g.    Research:  Dr. Crow stated during this meeting that there is a tremendous amount of research happening with the TREX 1 gene, found in AGS1.  The research is centering on lupus, because there is an overlap between lupus and mechanisms making the inflammation in AGS.  There is a disease with a gene defect in TREX 1       called Familial Chilblain Lupus, which does cause lupus but not the brain damage seen in AGS.  He believes that there will be a treatment come from this research with the next few years.  He also thinks that any drug found to affect AGS1 and the TREX gene will also apply to AGS 2, 3, and 4 with the RNAse H2 gene, because they both probably lead to the same metabolic pathways. However, he also stated that older children with AGS already have severe damage, and treatments cannot reverse that damage.  A question was asked if the severity is related to the age of onset of AGS symptoms.  The answer is no.  There is a case of a 14-month old child that was normal but became very severe because the trigger that happened at age 14 months caused severe damage. . The severity of AGS is related to the severity of the insult caused by triggers, and not necessarily the timing of the triggers.   It is common to see variable expression in siblings who both have AGS.  The difference in severity could be caused by either different exposure to environmental triggers, or to the different affect that other genes might have on each AGS child. New treatments that come from research would be most helpful in very young, newly diagnosed children.    Dr. Crow, Dr. Vanderver, and others are very much researching targeted drugs that will aim at very exact metabolic pathways, so that there are fewer side effects that drugs given now that affect everything.   There are currently studies being done to examine AGS at the cellular level to see exactly what is happening in cell metabolism.  If you are interested in participating in this exciting research, contact Dr. Crow or Dr. Vanderver.  It only takes a blood sample.   In a response to a question about dealing with ER doctors who do not know about AGS, it was suggested that your primary doctor write up a letter for ER treatment, telling who to contact and what treatments might be needed in the ER.  Laminate it and carry it with the child at all time.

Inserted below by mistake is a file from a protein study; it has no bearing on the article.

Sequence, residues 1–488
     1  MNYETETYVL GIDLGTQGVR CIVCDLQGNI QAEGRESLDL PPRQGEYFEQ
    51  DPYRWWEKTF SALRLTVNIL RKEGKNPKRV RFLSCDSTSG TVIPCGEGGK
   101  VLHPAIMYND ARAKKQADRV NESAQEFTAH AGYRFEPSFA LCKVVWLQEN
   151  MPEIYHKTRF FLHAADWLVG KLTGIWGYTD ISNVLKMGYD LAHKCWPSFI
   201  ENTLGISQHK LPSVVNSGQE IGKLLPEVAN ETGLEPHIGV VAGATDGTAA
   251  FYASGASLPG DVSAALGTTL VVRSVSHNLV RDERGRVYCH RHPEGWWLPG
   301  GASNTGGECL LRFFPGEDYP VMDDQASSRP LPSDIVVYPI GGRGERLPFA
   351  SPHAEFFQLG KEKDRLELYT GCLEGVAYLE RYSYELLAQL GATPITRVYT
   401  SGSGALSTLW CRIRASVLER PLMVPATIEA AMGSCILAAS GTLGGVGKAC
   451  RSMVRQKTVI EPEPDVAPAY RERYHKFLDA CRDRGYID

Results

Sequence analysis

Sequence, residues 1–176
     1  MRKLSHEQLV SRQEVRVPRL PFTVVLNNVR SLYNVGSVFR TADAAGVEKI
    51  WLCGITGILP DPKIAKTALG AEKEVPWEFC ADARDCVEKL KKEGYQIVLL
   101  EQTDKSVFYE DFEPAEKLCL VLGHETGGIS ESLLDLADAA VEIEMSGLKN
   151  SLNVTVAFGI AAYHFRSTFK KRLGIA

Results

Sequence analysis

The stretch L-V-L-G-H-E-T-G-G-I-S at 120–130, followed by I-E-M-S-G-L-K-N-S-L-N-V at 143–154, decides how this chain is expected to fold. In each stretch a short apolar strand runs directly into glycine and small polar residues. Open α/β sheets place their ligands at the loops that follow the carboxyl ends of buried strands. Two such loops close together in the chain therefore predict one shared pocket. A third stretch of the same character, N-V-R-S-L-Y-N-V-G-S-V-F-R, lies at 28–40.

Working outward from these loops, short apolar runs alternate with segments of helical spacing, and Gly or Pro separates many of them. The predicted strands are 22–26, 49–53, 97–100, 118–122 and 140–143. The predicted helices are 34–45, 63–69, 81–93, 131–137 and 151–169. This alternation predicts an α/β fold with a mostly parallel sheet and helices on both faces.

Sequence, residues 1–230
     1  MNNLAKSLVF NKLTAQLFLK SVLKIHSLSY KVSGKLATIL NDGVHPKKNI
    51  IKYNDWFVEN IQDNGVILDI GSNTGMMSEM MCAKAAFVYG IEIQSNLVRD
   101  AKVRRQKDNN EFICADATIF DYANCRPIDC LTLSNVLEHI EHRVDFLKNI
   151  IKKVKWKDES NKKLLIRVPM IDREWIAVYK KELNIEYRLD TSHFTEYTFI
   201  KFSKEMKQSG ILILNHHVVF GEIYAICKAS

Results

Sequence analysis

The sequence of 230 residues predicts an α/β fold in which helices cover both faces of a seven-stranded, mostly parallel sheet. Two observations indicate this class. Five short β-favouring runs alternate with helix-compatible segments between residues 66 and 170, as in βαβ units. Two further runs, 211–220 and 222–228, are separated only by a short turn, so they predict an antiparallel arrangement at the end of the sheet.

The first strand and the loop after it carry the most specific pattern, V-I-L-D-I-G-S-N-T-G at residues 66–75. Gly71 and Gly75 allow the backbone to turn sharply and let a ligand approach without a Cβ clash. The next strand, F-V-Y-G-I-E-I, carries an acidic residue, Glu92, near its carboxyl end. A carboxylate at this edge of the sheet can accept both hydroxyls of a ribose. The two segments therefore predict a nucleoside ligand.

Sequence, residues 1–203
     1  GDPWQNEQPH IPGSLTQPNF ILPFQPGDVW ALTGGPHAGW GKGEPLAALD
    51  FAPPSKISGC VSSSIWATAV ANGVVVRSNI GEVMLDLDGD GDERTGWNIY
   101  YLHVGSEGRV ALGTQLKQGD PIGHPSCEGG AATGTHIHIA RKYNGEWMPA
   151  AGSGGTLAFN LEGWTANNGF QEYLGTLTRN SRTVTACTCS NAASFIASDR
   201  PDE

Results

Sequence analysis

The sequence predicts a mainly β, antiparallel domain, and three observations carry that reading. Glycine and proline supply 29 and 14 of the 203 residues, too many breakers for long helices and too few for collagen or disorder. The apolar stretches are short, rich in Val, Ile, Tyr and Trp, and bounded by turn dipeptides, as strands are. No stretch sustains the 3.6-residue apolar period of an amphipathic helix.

h. Occurrence:  Dr. Crow was asked how many cases of AGS exist in the world.  He answered that he was aware of about 300 families world wide who have inquired about testing for AGS.  It is likely that not all of these families will actually have AGS.  And there are some families that have not sought genetic testing, and so are not in this total.  There are also many families with multiple children.  Therefore, an exact total is unknown, but would probably be between 300 and 400 cases world wide.  Families with Aicardi-Goutieres syndrome have been diagnosed in the following countries: